GV student explores ‘The Dirty City’

Courtesy Photo / John Vander Velde

Courtesy photo

Courtesy Photo / John Vander Velde

Leah Mitchell

Grand Valley State University freshman John Vander Velde took eight months between graduating from Fowlerville High School in 2011 to visit the city of Zarqua, in Jordan.

Zarqua, commonly known as ‘the dirty city’ is a place that no one chooses to live, according to the city’s own residents. Usually, if the question ‘why do you live here?’ is ever raised, the answer is pretty simple: poverty.

“It’s honestly just really dirty and always crammed,” Vander Velde said. “Most people, if they get enough money, they move to Amman, Jordan.”

So why would a fresh high school graduate choose to move across the globe to a place like this?

Aaron Byrum, Vander Velde’s close childhood friend, hosted an exchange student named Bill who was from Jordan about 10 years prior to their graduation.
As graduation drew closer, so did the date for Bill’s return to Jordan, ending his visit to the U.S. He spoke of a dream he had to start a school for kids in Zarqua and told of how the city was desperately in need of leaders.

The exchange student asked both Byrum and Vander Velde to run an after-school program at this school where they would be paid for their efforts. Moving so far was a big decision, and Byrum and Vander Velde had a lot to consider.

“We prayed for six months about whether or not to go,” Vander Velde said. “Finally, we decided that we were definitely going, so we left around Aug.

The moment the two young men stepped foot in Jordan, a series of unexpected events began to arise. The two friends were shocked when they found out that living arrangements had not been settled for them, so they had no place to live. Making ends meet, the two stayed in the former exchange student’s living room for a month, until they found a place of their own to stay.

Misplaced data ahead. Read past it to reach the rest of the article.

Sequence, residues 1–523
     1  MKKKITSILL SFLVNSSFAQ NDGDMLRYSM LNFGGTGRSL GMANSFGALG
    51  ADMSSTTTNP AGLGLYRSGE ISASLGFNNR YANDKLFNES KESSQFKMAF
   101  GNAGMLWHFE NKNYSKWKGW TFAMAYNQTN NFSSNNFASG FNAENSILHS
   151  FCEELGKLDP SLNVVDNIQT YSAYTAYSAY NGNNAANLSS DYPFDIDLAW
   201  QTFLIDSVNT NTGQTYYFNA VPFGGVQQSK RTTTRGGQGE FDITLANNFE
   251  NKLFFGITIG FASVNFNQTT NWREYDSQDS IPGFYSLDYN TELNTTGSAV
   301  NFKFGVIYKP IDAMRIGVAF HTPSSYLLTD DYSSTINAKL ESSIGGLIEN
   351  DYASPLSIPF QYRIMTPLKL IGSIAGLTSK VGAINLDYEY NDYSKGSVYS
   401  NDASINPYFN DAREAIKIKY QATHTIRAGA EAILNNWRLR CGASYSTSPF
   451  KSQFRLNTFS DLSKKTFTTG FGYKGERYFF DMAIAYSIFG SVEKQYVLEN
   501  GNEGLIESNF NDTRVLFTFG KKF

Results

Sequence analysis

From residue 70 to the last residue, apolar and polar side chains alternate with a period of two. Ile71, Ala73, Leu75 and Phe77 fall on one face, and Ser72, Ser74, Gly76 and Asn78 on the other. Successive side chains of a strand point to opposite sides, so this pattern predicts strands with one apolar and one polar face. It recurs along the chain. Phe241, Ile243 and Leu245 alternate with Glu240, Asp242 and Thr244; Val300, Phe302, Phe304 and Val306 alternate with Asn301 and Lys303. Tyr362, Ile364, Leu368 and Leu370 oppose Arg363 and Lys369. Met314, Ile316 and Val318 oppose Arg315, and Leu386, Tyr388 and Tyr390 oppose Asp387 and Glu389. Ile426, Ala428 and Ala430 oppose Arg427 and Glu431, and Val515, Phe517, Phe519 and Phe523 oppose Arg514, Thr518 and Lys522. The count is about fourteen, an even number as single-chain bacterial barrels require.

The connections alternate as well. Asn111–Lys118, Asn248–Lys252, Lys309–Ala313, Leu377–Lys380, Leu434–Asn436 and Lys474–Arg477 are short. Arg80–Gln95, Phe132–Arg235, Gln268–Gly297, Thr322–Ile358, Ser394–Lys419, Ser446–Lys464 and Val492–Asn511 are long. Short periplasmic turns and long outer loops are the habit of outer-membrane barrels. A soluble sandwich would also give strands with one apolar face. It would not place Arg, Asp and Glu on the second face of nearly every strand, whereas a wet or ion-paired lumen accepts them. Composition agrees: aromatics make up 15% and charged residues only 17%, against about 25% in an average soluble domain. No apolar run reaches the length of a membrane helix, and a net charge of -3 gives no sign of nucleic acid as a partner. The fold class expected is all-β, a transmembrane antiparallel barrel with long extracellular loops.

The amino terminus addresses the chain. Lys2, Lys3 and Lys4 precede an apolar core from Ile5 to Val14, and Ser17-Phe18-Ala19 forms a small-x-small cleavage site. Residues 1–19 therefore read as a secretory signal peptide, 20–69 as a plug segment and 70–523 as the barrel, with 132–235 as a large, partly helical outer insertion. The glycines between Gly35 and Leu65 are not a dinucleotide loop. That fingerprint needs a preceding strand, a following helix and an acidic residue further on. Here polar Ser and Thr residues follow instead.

Though homeless, they concentrate on the fact that there is work to do. In fact, a lot more work than expected.

“It turned out that there was no after-school program ever actually initiated, so the parents were becoming very upset,” Vander Velde said. “Bill ended up getting kicked out of the very school that he started, sold his house for, even. The school that was supposed to have no religion began to be one where a Muslim prayer was recited in the beginning of the day. The Christian kids were very confused, and the parents even more.”

In addition to the school’s confusing intentions, false allegations also began to arise from parents of the children attending this brand new school.

Before they knew it, both Byrum and Vander Velde found themselves in a complicated situation and making nearly no money.

“We were planning on the school providing for our food and travels, but we ended up just getting a salary per month, barely enough to get by day to day,” Vander Velde said. “We were not getting the money that we were promised, and money was getting mixed up all over the place, possibly unintentionally, but we don’t know.”

One by one, other volunteers made their way back home until eventually, eight months from the start of their journey, Byrum and Vander Velde did the same.

“Someone asked Mother Theresa, ‘Why was your life successful?’ And she said, ‘At a certain point, when God told me to do something, I never said no,’” Vander Velde said. “That’s how I want my life to be as well.”

As Vander Velde carries on with his life here in the U.S., he vividly remembers his experiences and the lack of community that he had during those eight months in Jordan. Because of this, he approaches GVSU with a different outlook in a way that he can rely on his friends to be encouraging both spiritually, mentally and physically, all while completing his education.
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